The story happens in two folds: you working on your assignment, trying to suppress worries about your loved ones and the state of the world, and your hallucinations(?) set in Elsinore, imagining events following the end of the play. Both somewhat mirroring or criticising the other. You struggle to find something meaningful to say about the the text, while Horatio scolds you for downplaying their agency as people. A "plague" starts in Elsinore, which you notice from a servant coughing. you share comforting words to Horatio and compassion for his situation, recalling times of struggles during the "war" against COVID and the violence some were forced to endure because of their ethnicity.

The game feels like a critique of the text, through the added character of Petra challenging the crown while passive Ophelia goes mad, or a critique of some reading of the text, like with the comments about the relationships between Horatio and Hamlet. The critiques are sometimes a bit more blunt, with the player character roasting Hamlet for derailing his father's quest (meeting his demise) or his poor treatment towards other characters (esp. Ophelia).

While the UI strayed very little from the basic Harlowe base, it does utilise the enchantment macros in an interesting manner, often enhancing the player character's feelings, a few even added to the hallucination assumptions (especially when ignoring the first sign). Some of the strangely formatted text will hide the way to advance through the story. I wasn't particularly fan some typed text (a bit too slow) or timed ones (wait a bit too long), and one hidden link was biiit too obtuse to find - but it didn't detract my overall enjoyment of the story.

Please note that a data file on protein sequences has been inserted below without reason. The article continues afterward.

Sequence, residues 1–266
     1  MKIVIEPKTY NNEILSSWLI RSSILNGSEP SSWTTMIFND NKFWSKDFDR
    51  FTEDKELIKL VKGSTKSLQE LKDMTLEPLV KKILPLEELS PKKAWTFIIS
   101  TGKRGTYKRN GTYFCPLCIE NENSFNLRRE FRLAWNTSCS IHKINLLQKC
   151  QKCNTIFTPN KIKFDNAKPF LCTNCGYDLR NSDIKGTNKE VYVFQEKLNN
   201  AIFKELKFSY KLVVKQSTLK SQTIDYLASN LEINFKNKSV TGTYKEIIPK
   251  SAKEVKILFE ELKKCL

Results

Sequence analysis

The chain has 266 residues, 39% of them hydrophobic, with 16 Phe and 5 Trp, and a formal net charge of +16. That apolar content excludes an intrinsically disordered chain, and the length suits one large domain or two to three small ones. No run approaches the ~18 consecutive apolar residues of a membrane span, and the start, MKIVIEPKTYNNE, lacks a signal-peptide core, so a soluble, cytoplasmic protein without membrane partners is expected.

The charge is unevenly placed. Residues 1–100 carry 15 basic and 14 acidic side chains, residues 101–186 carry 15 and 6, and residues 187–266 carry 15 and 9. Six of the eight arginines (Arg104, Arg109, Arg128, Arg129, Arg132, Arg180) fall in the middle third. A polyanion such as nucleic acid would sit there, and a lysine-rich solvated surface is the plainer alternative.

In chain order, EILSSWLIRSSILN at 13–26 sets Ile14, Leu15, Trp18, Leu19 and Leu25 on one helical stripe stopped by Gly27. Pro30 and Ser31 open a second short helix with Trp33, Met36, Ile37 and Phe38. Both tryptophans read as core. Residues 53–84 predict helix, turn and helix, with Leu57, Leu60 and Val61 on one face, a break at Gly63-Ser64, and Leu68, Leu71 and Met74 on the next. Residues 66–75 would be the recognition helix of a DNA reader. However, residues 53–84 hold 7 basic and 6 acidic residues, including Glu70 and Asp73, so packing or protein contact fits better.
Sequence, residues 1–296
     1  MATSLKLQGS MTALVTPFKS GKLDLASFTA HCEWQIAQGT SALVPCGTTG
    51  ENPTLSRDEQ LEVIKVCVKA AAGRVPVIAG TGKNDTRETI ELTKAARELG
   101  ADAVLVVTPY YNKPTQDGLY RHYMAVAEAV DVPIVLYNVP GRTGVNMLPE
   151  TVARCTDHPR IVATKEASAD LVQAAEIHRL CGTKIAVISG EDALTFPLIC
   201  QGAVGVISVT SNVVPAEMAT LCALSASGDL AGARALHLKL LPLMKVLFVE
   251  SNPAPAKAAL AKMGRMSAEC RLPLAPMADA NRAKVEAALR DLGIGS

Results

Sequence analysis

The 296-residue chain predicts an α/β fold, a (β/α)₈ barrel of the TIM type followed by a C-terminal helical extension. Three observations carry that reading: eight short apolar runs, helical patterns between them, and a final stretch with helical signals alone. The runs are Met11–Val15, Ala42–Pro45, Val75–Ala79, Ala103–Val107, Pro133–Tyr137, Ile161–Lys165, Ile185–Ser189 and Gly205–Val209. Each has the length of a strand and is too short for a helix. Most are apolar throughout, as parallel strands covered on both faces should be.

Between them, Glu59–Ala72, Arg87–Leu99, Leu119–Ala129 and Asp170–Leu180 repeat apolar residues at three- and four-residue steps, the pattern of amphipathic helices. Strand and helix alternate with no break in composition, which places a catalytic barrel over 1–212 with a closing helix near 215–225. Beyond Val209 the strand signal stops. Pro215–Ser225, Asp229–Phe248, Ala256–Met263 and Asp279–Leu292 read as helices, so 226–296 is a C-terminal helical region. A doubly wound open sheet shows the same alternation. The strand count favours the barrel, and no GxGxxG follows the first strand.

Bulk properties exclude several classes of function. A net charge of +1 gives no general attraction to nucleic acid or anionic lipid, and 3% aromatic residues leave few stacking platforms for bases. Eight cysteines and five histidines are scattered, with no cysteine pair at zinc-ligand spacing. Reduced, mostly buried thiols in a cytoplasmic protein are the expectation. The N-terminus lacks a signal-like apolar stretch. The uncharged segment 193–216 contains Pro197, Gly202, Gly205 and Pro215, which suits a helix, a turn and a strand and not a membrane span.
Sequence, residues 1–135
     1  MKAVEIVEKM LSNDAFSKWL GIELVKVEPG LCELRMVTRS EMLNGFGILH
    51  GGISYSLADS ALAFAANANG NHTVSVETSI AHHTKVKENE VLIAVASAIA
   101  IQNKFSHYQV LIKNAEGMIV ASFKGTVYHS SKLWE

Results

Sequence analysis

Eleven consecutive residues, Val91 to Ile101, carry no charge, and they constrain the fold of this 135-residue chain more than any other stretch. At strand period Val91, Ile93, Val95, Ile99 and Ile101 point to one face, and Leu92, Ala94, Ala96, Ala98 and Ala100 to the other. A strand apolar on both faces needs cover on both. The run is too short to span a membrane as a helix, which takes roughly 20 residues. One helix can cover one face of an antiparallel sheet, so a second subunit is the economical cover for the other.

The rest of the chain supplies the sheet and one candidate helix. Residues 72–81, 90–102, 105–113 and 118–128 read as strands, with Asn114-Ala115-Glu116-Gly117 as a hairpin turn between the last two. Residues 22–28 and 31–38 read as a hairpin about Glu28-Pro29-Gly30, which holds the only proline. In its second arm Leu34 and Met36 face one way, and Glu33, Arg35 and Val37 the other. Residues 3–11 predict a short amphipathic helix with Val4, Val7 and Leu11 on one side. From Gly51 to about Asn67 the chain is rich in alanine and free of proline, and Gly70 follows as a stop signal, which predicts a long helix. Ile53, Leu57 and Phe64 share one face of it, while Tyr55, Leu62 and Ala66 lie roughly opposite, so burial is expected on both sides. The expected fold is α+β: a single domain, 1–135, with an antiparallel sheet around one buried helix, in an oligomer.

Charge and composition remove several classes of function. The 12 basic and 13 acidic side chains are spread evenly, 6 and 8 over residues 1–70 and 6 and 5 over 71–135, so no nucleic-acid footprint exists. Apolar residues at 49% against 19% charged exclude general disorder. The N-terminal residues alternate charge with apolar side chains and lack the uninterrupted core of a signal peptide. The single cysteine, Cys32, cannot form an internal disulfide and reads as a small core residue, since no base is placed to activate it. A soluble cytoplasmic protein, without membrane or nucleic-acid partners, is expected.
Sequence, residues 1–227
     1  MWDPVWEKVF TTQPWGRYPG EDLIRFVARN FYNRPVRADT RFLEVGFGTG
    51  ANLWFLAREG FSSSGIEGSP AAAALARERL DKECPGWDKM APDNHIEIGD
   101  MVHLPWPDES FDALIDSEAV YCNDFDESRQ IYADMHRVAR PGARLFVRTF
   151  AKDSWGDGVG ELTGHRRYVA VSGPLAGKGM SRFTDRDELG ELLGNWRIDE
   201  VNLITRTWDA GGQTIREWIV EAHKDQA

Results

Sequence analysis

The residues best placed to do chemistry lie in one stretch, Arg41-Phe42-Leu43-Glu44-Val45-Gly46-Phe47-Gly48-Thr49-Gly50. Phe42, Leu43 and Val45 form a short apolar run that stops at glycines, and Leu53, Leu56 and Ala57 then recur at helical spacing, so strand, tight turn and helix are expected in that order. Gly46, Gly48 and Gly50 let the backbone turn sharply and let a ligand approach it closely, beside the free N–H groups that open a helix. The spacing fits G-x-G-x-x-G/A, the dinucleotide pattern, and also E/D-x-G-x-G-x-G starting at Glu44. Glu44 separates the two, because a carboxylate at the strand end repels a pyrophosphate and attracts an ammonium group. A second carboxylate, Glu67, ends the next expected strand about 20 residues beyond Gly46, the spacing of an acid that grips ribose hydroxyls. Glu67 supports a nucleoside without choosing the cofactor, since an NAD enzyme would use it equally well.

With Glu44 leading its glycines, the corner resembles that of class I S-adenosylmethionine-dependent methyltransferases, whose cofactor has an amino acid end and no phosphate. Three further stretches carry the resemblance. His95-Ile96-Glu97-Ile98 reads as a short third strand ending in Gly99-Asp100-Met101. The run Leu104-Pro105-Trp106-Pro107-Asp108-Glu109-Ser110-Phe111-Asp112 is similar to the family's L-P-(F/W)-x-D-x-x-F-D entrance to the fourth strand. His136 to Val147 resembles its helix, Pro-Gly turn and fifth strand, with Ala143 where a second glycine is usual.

But as every story, this too must end. So let's finish with the endings. The game has 7 possible endings. Some easier to get than others; some longer than others; some good, some bad, some neither. I reached the shorter ones more easily than the longer ones. Depending on your choices, the story will confirm these hallucinations were just a dream or will let you believe you are still trapped in Elsinore; you may reach a bittersweet end where your heart lightened, or one sharing the same fate as Ophelia. Out of those, I think I preferred the ones where the isekai theme was the more obvious, regardless of how forceful the return to reality is, as it mirrored best the start of the game and felt more like a closing the circle moment.

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Elsinore: After Hamlet on IFDB


The following polls include votes for Elsinore: After Hamlet:

Games exploring trauma and other messy subject matter by Kastel
Looking for, as Nathalie Lawhead puts it, art caught between “everything is horrible”, “everything is survivable”, and “this is too hard to talk about”. I'm interested in how people explore the messy things in life through IF engines.

Games that are adaptations of conventional (not CYOA) books by ChrisM
I'm interested in games that are straightforward adaptations of conventional books (probably novels, but I'd be interested to know if there are any non-fiction book adaptations). The ones that I know of are The Famous Five and The...

This is version 2 of this page, edited by Lapin Lunaire Games on 8 February 2023 at 5:37am. - View Update History - Edit This Page - Add a News Item - Delete This Page